Thanks for your replies!
I'd like to help, but your block of text leaves me not knowing where to begin. But lets try:
Sorry about that, I just tried to be as detailed and complete in my explanation as possible.
Do it the way you oughta, always add the acid to the water.
We've covered this topic many times on this forum. Its very common for people to get bogged down with equilibrium at this point. But that's just bizarre to me -- I guess school just doesn't teach the reason why. We do this because of the heat released by sulfuric dissolving in water. We want to drop the denser, more viscous liquid into the water, with its higher heat capacity to absorb the heat.
What happens if we revers that? There's a chance the water will vaporize and spatter the sulfici acid acid around. Yes, sulfuric is denser, and below the water, but the vaporizing water may still splatter it.
I take it you're in the "add the acid" camp when mixing Piranha.
Maybe this was not clear in my original post: what you mentioned above is exactly my point of what is considered the most 'dangerous' phenomenon by my colleagues. Don't get me wrong, if I didn't know about all the procedures from different universities stating it should NEVER be mixed in the 'regular' way, I would also add the acid. But, I guess there must be another phenomenon which is more dangerous than the highly exothermic process of adding the peroxide? My question is: what is the other phenomenon?
So what if you have a ton of sulfuric acid to dispose of, and you can't lift it over a lager vessel of water? You add water to acid, carefully, avoiding spatter as best you can.
I agree. But in the specific case of mixing piranha acid, the sulfuric acid to peroxide ratio is roughly between 7:3 and 3:1 in most applications I know. So, in this case you're actually making it harder for yourself to add the acid since it's the larger volume. (Edit: just to be clear: my 'experienced colleagues' generally make larger volumes and "add the acid". Universities will probably have students make smaller quantities and add the peroxide)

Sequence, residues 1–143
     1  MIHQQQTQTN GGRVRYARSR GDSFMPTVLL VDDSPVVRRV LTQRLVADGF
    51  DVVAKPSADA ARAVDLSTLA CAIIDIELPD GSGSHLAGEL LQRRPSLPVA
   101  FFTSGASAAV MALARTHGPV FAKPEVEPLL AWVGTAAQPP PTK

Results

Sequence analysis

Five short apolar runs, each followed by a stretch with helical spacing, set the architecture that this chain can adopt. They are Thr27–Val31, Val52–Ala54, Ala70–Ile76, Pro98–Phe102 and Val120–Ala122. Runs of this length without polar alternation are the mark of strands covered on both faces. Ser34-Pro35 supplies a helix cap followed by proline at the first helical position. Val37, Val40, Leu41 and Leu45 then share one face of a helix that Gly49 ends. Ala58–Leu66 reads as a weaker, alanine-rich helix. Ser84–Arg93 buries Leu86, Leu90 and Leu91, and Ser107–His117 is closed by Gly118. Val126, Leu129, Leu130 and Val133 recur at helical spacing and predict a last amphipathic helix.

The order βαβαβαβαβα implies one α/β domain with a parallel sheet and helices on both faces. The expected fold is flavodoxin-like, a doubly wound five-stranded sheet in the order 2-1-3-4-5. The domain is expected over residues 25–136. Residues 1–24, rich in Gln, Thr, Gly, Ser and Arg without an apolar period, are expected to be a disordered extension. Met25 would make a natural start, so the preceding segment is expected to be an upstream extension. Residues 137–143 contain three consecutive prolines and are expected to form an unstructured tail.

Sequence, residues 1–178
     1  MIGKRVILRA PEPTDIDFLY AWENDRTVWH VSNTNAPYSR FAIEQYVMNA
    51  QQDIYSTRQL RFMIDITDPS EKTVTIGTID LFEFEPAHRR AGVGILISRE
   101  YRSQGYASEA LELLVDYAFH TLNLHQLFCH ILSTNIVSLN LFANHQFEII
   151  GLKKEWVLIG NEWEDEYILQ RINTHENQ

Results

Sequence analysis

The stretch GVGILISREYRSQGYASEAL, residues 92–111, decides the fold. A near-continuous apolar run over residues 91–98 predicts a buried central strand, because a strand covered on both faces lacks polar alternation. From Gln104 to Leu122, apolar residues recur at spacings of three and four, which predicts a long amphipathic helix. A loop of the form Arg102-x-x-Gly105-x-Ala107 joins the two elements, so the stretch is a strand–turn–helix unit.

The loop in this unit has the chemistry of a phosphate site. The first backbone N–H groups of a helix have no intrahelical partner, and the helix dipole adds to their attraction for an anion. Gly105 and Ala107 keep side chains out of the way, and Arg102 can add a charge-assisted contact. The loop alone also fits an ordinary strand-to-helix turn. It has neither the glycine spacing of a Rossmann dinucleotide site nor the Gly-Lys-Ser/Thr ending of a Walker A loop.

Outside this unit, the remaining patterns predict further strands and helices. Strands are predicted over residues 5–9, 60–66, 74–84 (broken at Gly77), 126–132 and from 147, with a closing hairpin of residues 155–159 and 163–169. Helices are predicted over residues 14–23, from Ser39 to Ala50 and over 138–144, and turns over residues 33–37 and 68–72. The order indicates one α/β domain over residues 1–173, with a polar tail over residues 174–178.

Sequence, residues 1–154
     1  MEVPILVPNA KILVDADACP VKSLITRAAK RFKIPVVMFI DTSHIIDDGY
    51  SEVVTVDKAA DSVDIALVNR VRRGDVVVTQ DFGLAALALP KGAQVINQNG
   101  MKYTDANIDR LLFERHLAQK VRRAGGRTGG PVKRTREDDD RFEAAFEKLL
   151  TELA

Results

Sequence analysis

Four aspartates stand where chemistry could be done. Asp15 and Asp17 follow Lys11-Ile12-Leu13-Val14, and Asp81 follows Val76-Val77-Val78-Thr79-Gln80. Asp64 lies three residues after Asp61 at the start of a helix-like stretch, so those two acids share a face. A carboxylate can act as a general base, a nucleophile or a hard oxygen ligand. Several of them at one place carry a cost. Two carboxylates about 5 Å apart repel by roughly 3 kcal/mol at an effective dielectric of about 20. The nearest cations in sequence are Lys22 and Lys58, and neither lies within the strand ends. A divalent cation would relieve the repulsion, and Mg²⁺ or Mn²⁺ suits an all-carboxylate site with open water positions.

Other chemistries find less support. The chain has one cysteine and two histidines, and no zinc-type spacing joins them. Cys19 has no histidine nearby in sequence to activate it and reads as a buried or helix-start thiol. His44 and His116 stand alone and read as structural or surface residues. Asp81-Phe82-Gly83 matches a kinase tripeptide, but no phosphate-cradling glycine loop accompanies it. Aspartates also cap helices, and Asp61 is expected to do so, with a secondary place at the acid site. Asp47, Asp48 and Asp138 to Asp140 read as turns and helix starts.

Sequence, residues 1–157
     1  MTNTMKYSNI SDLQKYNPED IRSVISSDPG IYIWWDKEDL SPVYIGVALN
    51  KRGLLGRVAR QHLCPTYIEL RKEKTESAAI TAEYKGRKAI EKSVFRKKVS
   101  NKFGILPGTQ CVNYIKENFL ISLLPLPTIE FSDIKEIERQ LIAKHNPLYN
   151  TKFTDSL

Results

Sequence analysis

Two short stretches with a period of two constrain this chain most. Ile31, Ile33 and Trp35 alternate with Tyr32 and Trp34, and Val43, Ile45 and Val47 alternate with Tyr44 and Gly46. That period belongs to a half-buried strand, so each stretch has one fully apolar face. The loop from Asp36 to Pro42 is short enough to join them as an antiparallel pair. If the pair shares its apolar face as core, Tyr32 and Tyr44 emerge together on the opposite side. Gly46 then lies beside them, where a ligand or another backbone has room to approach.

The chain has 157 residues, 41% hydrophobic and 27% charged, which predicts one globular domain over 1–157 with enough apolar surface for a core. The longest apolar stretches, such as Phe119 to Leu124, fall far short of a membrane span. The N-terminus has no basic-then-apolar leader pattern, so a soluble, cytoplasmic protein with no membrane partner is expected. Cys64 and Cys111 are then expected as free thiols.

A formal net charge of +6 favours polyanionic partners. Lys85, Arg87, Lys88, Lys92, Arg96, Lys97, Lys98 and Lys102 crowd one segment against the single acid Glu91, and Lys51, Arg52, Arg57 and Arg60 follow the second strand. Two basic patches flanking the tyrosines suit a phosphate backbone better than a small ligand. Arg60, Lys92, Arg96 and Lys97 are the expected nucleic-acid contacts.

Now, what to do with piranha solution? I don't know. Its still mostly water, so you still want its thermal mass is still available for the heat of solution of sulfuric acid. But maybe your group wants a different sort of control, maybe to not lose water or peroxide. Or maybe you're already being extra careful, given that this is piranha solution, so it doesn't matter.
But your protonation of H2O2, even if it happens (I'd have to look it up,) is just a distraction.
Higher starting temperature will definitely increase the peroxide decomposition, so that is something to consider in the sense of control. When adding the peroxide to the acid you will end up with a higher temperature solution. I'm not sure how high the impact would be on e.g. 'lifetime' or effectiveness in general. When mixing it in one or the other way around I mean. Good point though.
I think Piranha acid in general is not something to take lightly. All the procedures I can find, point out to BE extra careful. Although I must say I have noticed that when working in 'correct' environments (clean glassware, fume hoods, protective clothing etc.) it is very easy for people to underestimate the power of Piranha acid.
I have never made or handled piranha, but will comment that it is indeed generally recommended to add peroxide to sulfuric acid (the reverse of the "normal" order of addition), even often stated that you should never do the reverse. I have never seen an explanation for this counter intuitive order of addition, so it is possibly just something people do because the same procedure has been copy-pasted all over the internet and that's what everyone does.
I was considering the same thing, the copy-pasting. But where does it come from? There must have been some kind of incident I expect?
I can't seem to find serious incidents related to mixing in the 'wrong way', it's mostly about explosions when storing Piranha acid. Or accidentally adding acetone to the mixture (really bad idea...).
I really appreciate your input! So far, it looks like I haven't overlooked anything obvious.
Hopefully we can figure out the logical background of this seemingly counter-intuitive procedure. Or maybe we can remove a wet monkey story
(or chemical myth, or whatever you want to call it) from our textbooks.